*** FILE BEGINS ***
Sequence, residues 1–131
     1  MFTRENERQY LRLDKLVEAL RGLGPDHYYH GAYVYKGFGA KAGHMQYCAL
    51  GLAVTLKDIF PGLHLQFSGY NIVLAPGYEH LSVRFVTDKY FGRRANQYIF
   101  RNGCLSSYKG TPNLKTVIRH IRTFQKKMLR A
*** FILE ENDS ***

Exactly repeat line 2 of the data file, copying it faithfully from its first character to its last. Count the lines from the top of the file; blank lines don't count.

     1  MFTRENERQY LRLDKLVEAL RGLGPDHYYH GAYVYKGFGA KAGHMQYCAL